November 22, 2020
By cultivating attitudes of friendliness toward the happy, compassion for the unhappy, delight in the virtuous and disregard toward the wicked, the mind-stuff retains its undisturbed calmness. (Satchidananda, 1978, p. 51 sutra 33)
When I walk in the woods at this time of year, there are moments when I seem to hear plants whisper, “Hey, look over here. Take my picture.” The beauty I encounter is vibrant as it announces the seasonal changes.
I look at the various stages of life in this one branch. I smile at its variety of leaf color and notice the berries that remain while I wonder where the others have gone. The branch displays stillness/calmness, holds its position as the cooler weather of autumn strikes it.
We are in the beginning of changes in government since the election. Patanjali gives us good instruction to help us during these stages of transition. Perhaps if we blend the sutra with an image of changing steadiness, we may retain undisturbed calmness.
The current global turmoil, magnified in the United States, generated by the pandemic, civic unrest, political crisis, and a divided nation calls for a response from our depths rather than react from the surface of our consciousness. The timeless wisdom of Patanjali’s Yoga Sutra gives us a paradigm from the deeper currents of consciousness. We must be friendly towards those who celebrate the present dynamic for whatever their reasons may be. We must offer compassion for those you have endured loss and suffering. We must stay clear from the wicked who would subvert justice and humanity. Most significantly, we must align ourselves with the virtuous who follow the path of fairness, humanity, and spiritual alignment with our higher angels. Our survival depends upon it. Then we will find that inner stillness that aligns us with our deepest consciousness and our highest Spirit.
Joyfulness is infectious. We must be friendly towards the joyful but not too friendly since we do not know their narrative; are they joyful having gipped someone of their rightful entitlements?
We should be compassionate towards the unhappy, but not enabling them since we do not really know why they are unhappy. Perhaps their choices and consequences create karmic sorrow following poor choices that they need to rectify.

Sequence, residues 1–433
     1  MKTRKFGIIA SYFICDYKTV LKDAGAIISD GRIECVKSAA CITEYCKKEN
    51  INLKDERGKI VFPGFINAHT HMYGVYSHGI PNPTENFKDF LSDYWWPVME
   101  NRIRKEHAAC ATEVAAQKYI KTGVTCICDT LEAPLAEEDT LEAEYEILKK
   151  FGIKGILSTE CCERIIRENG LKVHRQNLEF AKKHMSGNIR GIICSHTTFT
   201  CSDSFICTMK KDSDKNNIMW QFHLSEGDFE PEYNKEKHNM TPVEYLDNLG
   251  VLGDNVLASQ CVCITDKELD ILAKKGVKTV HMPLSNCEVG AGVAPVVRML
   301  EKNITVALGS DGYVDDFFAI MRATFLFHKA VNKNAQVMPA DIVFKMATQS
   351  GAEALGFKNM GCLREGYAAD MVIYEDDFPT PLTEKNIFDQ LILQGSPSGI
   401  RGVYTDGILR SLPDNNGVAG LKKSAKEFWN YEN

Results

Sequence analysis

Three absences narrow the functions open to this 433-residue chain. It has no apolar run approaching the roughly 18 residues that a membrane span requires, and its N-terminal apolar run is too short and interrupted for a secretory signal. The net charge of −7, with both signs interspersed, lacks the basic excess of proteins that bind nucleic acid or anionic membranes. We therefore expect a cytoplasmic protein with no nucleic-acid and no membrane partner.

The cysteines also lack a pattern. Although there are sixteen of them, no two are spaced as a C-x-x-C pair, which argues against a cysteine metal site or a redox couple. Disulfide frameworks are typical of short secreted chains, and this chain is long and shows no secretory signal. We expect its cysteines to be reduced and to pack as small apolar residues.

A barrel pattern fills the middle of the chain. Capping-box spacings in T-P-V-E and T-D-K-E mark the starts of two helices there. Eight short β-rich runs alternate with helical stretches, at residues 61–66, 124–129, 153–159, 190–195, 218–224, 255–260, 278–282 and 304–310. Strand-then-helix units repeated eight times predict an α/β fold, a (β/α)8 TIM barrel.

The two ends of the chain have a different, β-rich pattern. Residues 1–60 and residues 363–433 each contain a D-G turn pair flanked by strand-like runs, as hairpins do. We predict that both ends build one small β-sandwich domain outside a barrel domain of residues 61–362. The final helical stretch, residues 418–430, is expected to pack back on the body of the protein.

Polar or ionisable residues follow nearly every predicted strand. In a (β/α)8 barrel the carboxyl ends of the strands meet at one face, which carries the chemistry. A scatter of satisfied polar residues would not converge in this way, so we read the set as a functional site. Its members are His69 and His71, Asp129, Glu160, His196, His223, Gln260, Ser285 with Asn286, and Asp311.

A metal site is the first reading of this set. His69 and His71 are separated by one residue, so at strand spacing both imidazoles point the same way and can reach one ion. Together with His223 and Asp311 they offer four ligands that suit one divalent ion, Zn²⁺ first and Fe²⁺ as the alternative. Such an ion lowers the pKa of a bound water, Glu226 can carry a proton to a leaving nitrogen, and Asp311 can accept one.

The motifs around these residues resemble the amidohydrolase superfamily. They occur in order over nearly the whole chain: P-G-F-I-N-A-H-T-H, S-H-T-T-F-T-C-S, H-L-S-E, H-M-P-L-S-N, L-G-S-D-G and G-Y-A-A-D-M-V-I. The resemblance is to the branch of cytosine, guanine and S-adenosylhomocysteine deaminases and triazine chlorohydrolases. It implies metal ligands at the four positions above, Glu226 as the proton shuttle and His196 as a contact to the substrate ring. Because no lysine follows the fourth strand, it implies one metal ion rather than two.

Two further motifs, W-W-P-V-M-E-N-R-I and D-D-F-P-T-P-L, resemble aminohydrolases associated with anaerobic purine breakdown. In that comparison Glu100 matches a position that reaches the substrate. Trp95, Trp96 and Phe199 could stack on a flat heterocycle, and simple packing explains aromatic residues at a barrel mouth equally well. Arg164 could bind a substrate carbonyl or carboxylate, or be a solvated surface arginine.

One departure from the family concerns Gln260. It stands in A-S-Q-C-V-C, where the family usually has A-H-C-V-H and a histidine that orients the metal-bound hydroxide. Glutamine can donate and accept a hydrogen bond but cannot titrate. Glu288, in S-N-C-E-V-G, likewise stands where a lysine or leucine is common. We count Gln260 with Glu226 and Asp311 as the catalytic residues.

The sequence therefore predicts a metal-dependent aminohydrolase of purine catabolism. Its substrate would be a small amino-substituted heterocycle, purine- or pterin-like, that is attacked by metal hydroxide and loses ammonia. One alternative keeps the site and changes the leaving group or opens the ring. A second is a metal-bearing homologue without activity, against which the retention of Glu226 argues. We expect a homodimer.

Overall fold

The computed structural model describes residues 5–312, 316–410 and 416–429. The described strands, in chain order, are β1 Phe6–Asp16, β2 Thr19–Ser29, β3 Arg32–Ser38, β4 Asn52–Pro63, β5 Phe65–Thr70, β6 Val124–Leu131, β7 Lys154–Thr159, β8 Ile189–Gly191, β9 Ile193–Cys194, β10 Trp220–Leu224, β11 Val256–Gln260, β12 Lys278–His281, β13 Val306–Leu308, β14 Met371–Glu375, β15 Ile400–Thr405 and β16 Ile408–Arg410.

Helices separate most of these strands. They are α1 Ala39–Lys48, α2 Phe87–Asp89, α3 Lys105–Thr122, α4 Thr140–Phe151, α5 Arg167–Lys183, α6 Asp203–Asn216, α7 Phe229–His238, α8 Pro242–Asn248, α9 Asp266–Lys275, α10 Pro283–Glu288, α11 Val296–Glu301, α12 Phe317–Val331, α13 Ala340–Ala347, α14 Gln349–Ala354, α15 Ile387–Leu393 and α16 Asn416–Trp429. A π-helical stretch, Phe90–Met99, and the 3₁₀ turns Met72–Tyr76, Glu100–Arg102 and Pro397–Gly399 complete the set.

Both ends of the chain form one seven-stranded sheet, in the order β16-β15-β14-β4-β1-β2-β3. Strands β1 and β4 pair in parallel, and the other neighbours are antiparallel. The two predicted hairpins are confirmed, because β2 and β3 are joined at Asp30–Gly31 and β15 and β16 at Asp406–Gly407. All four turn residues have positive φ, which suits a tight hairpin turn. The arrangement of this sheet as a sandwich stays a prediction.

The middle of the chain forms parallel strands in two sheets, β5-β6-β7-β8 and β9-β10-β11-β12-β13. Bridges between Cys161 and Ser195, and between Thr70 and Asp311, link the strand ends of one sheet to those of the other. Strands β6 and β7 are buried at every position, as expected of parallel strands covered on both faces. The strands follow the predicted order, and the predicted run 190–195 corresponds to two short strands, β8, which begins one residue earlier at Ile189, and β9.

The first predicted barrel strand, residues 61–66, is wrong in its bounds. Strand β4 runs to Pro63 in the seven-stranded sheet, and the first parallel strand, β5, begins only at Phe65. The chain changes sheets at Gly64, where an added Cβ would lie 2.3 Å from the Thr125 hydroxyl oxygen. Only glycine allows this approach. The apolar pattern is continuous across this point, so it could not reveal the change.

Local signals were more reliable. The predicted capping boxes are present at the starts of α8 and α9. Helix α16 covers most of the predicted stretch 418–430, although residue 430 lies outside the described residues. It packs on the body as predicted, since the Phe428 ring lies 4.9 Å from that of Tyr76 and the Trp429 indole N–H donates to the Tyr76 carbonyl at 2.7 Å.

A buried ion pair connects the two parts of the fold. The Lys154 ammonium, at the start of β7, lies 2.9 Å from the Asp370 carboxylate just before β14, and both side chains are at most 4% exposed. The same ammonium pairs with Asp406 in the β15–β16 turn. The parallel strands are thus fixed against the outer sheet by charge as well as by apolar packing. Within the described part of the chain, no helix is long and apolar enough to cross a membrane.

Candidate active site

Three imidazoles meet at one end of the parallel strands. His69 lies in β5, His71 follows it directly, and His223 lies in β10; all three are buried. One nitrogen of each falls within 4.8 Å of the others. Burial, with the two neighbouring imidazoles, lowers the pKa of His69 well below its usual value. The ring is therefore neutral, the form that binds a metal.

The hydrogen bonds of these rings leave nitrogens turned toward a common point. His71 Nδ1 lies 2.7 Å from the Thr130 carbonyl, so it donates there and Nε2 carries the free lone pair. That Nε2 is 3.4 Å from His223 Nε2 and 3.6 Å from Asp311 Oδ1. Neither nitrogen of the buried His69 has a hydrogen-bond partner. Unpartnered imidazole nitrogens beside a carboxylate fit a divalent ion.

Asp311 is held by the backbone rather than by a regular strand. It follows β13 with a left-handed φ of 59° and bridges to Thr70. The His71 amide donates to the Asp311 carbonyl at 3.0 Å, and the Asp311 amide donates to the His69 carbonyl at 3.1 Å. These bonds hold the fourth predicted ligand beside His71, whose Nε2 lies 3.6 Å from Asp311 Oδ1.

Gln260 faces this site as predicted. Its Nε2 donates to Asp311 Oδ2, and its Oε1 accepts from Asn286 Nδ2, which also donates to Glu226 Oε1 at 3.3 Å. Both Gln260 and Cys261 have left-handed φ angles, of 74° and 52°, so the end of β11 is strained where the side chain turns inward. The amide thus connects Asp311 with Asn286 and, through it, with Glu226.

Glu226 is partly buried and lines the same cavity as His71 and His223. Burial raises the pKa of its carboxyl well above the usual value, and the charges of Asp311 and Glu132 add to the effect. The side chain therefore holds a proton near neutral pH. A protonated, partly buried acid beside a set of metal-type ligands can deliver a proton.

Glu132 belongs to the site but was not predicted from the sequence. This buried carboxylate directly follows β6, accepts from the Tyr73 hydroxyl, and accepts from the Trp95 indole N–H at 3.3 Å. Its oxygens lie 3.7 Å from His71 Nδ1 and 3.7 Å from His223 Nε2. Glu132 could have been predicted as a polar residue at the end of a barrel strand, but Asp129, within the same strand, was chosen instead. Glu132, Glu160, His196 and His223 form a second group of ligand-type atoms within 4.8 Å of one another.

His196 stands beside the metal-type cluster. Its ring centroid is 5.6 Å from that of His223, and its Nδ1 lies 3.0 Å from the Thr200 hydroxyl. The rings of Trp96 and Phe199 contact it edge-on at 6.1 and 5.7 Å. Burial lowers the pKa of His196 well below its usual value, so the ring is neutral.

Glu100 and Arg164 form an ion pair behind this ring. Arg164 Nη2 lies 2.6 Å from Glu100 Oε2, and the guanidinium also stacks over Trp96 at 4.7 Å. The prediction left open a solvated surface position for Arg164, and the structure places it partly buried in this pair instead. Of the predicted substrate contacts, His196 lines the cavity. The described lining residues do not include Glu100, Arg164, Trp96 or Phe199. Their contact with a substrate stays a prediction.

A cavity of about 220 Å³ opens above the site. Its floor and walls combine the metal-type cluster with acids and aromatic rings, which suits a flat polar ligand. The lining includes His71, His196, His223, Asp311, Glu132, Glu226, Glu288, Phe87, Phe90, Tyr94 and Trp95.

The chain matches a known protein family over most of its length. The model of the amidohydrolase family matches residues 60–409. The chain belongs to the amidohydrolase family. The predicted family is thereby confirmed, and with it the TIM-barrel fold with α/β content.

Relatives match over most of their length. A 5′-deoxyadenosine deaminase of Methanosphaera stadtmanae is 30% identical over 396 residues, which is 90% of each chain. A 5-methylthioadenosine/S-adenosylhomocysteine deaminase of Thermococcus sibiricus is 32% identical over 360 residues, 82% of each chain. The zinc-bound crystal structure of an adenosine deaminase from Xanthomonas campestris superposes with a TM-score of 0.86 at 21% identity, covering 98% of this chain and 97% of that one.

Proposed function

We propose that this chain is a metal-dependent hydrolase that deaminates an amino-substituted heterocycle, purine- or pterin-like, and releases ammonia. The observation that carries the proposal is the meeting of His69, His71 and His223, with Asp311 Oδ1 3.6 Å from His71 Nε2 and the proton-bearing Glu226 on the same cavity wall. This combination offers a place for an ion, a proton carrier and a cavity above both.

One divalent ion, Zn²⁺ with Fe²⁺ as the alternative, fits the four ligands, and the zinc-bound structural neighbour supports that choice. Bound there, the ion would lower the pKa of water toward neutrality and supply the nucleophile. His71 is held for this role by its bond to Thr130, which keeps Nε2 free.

The wicked must be confronted where possible and avoided if the time is not right to contain them. Often their negative karma will self-destruct them, but usually they need to be managed collectively by the virtuous. Till a coalition could be built to manage them, we must strategically avoid them till the time is right to contain them.
The virtuous are the winners. These are just and courageous souls who are guided by the right intentions, right thinking, right action for the right purpose. Right here implies aligned with their soul’s guidance and spiritual alignment. They are the winners. We must stick with these winners. Like the rising tide, they lift all boats. We can feel such individuals in our being. They are experienced in our body as lightness, joy, safety, relaxation and mentally we feel a sense of purpose and direction. They inspire us to altruistic service.
Sometimes, they are our leaders like Gandhi, Rev. King, Nelson Mandela, Rosa Parks, President Franklin D. Roosevelt, Eleanor Roosevelt, but often we find them in our daily life in our teachers, mentors, neighbors, and friends. They are priceless jewels in the crown of our consciousness. We must guard these precious relationships.
Points to Ponder:
- What helps you stay grounded?
- How do you maintain a steady calmness when things seem difficult?
- How can you increase your moments of happiness?
- How can your personal history benefit you during these times?
- How do you deal with happy individuals?
- How do you relate to unhappy individuals in your life?
- Describe a wicked individual in your life.
- How do you deal with such wicked person?
- List the virtuous individuals in history and your life.
- What calls you about these virtuous individuals?
- How do you nurture your relationship with the virtuous?
Satchidananda, S. (1978). The Yoga Sutra of Patanjali. Buckingham, Virginia: Integral Yoga Publications.
Ashok Bedi, M.D., Jungian Psychoanalyst,
Robert BJ Jakala PH.D., Jungian Psychotherapist
In a storm, the safest place is in the eye of the storm. My colleague BJ and I will share our daily reflections on this centering process from an Analytical perspective, sharing from the repertoire of our personal and professional experience. BJ is a psychologist and a photographer and will pick an image of the day that catches him in this collective crisis. I will amplify it from a Jungian Analytical perspective. We hope that this may offer you a baby step on the path to your own unique response to this chaos.
© Ashok Bedi, M.D. and Robert BJ Jakala, PH. D